Police and residents of Perris, California are still trying to come to terms with the horror that came with the discovery of 13 Siblings held in captivity by their parents in their own home, in deplorable conditions, according to a New York Times reports.

According to the Riverside County Sherrif's Department, the shocking discovery was made after one of the siblings, a 17-year-old girl [VIDEO], managed to escape through the home's window on Sunday (Jan. 14). She then used a deactivated cell phone and called 911, alerting authorities of her sibling's status.

The home where the siblings were being held is located in Perris California, 70 miles Southeast of Los Angeles, belonging to David Allen Turpin, 59, and Louise Anna Turpin, 47.

The parents of the 13 siblings in captivity.

Prolonged abuse and neglect

A spokesman for the Riverside County Sherriff's Office, Capt. Greg Fellows, revealed in a press briefing on Tuesday (Jan. 16) that the 13 siblings, aged between two and 29 years old were rescued from the Turpin home. This was after the 911 call, made just before dawn on Sunday.

Although Capt. Fellows did not give the full details, he mentioned that when police arrived at the home, they found the siblings locked up, with three of them chained to furniture inside the house.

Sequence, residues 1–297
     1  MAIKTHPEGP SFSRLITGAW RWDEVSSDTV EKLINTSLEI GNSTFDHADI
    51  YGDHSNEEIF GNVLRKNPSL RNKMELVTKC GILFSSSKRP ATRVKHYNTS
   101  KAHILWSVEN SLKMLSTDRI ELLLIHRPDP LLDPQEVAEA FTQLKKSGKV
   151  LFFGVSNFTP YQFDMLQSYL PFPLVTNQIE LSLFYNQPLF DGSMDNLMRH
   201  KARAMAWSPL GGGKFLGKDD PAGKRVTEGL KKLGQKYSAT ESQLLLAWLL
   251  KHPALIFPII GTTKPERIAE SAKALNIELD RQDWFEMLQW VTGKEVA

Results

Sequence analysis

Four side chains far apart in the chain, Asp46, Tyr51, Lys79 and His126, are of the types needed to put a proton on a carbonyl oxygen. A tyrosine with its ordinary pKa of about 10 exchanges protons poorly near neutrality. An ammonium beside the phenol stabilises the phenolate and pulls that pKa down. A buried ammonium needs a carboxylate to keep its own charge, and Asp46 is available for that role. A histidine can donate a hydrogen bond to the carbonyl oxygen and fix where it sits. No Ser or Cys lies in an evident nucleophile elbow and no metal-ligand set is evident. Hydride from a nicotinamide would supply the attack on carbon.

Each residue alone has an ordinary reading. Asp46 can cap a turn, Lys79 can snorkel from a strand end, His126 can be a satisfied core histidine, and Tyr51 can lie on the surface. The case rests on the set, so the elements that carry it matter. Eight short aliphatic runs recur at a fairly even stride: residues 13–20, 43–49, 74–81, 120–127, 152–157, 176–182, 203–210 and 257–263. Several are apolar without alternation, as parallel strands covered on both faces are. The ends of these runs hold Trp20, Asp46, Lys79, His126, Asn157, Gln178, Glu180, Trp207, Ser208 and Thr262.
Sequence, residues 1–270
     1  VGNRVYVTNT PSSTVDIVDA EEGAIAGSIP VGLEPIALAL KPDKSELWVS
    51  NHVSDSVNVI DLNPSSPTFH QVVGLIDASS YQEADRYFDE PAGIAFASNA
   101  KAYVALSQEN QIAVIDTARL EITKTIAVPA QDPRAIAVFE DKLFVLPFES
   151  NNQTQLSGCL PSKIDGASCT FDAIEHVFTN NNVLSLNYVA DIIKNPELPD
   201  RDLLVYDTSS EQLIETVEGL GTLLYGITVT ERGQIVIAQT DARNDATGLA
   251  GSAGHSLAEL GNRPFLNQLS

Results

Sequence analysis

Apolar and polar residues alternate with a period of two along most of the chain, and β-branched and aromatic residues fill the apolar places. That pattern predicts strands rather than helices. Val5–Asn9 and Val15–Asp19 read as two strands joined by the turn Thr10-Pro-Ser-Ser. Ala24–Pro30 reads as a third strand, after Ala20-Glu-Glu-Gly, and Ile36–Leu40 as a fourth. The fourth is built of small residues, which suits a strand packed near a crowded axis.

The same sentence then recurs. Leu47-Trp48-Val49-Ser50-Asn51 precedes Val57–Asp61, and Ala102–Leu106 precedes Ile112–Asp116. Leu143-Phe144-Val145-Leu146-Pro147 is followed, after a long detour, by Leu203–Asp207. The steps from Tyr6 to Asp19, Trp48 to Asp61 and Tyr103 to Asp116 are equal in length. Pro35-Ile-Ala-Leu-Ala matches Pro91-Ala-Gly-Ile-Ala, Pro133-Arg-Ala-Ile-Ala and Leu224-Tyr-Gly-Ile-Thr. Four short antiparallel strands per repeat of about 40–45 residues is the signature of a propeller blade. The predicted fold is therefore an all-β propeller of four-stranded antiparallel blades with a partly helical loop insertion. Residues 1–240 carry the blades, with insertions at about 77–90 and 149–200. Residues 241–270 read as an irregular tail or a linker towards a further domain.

The siblings were so malnourished, that the adults appeared much smaller than their actual age. The six children and seven adults were found kept under filthy, foul-smelling, dark, and deplorable conditions, Capt. Fellows observed.

The abuse and neglect appeared to have taken place over a long period of time according to authorities, who are still baffled as to why parents turned into their children's tormentors [VIDEO].

Parents arrested and charged

The parents will be charged with nine counts each of torture and child endangerment, and are currently in jail.

Riverside County Department of Public Social Services Director, Susan Von Zabern, said her office would apply for court approval to provide over-sight care for the children, including the adults if necessary.

Currently, the seven adult siblings are undergoing treatment at the Corona Regional Medical Centre, and have been placed together in a secure area. According to the hospital's Chief Executive, Mark Uffer, they are in stable condition and are friendly and cooperative.

When asked about their condition when they were admitted, Uffer said he had never seen anything like it.

The six children are receiving medical attention at the child abuse and neglect unit of the Riverside University Health System. The Medical Director of the hospital, Dr. Sofia Grant, said she could not give specific details on the children's condition, but mentioned their treatment had begun and would be a long grueling journey.